Re: Propositions and Knowledge Interchangemacgregor@ISI.EDU
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Date: Tue, 15 Feb 1994 15:27:53 -0800
To: firstname.lastname@example.org, interlingua@ISI.EDU
Subject: Re: Propositions and Knowledge Interchange
>>I can't imagine a standard being approved that doesn't specify a semantics.
>>But for practical purposes, it matters little what that semantics happens
>Bob, maybe you just intended to be rhetorical, but if you really mean this
>then we should all stop now.
Hmm. Your idea has merit :-)
Reading back, my first paragraph overstated my case a bit, but I still
stand by my second paragraph (which I have included above). Each
language concept (e.g., definition, type, proposition) needs to have
*some* semantics associated with it. The writer of a system A to KIF
translator will examine that semantics to see how closely it
corresponds to the semantics in A that she is mapping from. If it
is "close enough", then she will map to the predefined KIF construct.
So, the *purpose* of the semantics is to provide the translator writer
with a "pretty good" idea of what the construct means.
Translator technology is practical only if "close enough" is not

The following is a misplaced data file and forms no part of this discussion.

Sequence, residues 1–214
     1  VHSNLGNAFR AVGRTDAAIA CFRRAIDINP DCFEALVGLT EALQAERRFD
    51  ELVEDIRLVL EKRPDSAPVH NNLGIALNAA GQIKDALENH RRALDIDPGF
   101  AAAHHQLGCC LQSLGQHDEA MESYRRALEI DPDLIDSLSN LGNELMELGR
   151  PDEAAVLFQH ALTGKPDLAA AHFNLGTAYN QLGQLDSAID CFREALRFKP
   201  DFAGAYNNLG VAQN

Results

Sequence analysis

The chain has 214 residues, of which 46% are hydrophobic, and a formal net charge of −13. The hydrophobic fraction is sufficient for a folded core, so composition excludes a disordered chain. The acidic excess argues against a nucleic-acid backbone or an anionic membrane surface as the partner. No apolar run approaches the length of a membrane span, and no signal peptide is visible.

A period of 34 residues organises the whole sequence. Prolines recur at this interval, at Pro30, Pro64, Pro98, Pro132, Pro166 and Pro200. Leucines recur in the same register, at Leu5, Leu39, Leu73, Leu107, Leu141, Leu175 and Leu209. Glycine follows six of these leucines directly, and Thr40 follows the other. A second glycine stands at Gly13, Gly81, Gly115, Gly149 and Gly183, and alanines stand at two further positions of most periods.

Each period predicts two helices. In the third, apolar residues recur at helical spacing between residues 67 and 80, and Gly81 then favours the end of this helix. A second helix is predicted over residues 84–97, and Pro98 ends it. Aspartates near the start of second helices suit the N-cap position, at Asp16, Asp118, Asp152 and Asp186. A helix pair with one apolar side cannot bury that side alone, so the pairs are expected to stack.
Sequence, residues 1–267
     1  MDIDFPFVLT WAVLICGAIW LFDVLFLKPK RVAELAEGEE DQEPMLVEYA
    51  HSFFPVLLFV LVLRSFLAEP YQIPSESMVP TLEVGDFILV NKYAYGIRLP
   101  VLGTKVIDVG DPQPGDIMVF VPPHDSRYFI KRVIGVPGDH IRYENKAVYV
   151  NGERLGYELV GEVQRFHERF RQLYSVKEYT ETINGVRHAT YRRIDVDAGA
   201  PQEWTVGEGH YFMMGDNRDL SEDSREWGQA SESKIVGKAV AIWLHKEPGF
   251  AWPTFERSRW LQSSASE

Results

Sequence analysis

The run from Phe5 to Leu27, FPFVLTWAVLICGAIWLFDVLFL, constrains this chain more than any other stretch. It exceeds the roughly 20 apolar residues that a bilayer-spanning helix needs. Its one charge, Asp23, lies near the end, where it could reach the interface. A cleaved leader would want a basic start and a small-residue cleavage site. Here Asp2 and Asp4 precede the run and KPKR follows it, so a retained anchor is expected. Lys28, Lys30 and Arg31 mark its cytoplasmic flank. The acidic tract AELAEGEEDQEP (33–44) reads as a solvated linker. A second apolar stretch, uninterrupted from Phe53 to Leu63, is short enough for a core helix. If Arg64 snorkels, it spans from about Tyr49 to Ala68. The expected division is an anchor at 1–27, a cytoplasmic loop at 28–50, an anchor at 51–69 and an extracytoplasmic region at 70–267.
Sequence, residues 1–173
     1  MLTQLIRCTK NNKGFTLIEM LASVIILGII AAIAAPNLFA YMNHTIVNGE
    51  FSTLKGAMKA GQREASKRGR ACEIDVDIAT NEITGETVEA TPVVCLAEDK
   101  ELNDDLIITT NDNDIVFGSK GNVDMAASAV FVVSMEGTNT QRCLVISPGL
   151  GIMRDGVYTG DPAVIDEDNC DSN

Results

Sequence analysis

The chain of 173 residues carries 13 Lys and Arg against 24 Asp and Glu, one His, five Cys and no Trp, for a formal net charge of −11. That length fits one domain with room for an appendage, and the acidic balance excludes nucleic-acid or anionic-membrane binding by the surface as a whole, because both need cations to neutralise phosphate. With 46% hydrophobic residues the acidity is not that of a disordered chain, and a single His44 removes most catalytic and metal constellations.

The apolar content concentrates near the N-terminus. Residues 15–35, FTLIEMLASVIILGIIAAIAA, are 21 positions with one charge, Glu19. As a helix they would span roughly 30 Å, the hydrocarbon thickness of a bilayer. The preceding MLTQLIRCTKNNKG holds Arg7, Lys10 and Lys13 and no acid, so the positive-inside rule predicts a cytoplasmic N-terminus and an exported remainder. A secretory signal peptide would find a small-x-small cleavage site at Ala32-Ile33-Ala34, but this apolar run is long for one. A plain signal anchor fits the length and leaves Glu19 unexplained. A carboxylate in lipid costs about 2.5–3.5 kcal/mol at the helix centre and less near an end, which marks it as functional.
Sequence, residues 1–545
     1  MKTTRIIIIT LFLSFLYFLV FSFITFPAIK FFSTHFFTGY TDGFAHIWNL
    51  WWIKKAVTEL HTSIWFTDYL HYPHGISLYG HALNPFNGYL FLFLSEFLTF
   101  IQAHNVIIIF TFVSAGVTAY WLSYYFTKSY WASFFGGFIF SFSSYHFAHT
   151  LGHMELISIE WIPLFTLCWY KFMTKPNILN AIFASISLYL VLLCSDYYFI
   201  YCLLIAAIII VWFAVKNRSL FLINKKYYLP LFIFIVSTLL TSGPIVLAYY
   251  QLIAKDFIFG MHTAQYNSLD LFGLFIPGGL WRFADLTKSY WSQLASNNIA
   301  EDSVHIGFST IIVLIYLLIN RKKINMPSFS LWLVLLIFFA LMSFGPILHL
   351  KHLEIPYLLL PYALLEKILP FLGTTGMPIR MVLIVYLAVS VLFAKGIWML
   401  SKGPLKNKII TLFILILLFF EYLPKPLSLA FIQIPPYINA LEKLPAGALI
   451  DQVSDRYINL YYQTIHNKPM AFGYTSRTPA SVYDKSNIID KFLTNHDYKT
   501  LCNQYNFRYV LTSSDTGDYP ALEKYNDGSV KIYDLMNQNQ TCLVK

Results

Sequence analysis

required to be equivalent to "exactly the same". Taking types as an
example, if we achieve gross consensus on what a "type" is, but can't
agree on the fine points, that's good enough--from a translation
standpoint it is immaterial which semantics we pick. However, if
disagreement exists at a gross level, then perhaps we need to define
several flavors of "type", with different semantics, and the translator
writer will have to choose with kind of "type" best agrees with her own
system's notion of type.
> ... if the semantics
>doesnt matter, what else is there?
Taking your phrase slightly out of context: Well, there is kids soccer,
and skating on the boardwalk, and ... .
Rather than arguing endlessly about differences in viewpoint, I think
progress will be made only if the discussion turns towards an attempt
to agree on something. Thus far, I have failed to observe anything
resembling a consensus on a single topic.
Robert M. MacGregor email@example.com
USC/ISI, 4676 Admiralty Way, Marina del Rey, CA 90292 (310) 822-1511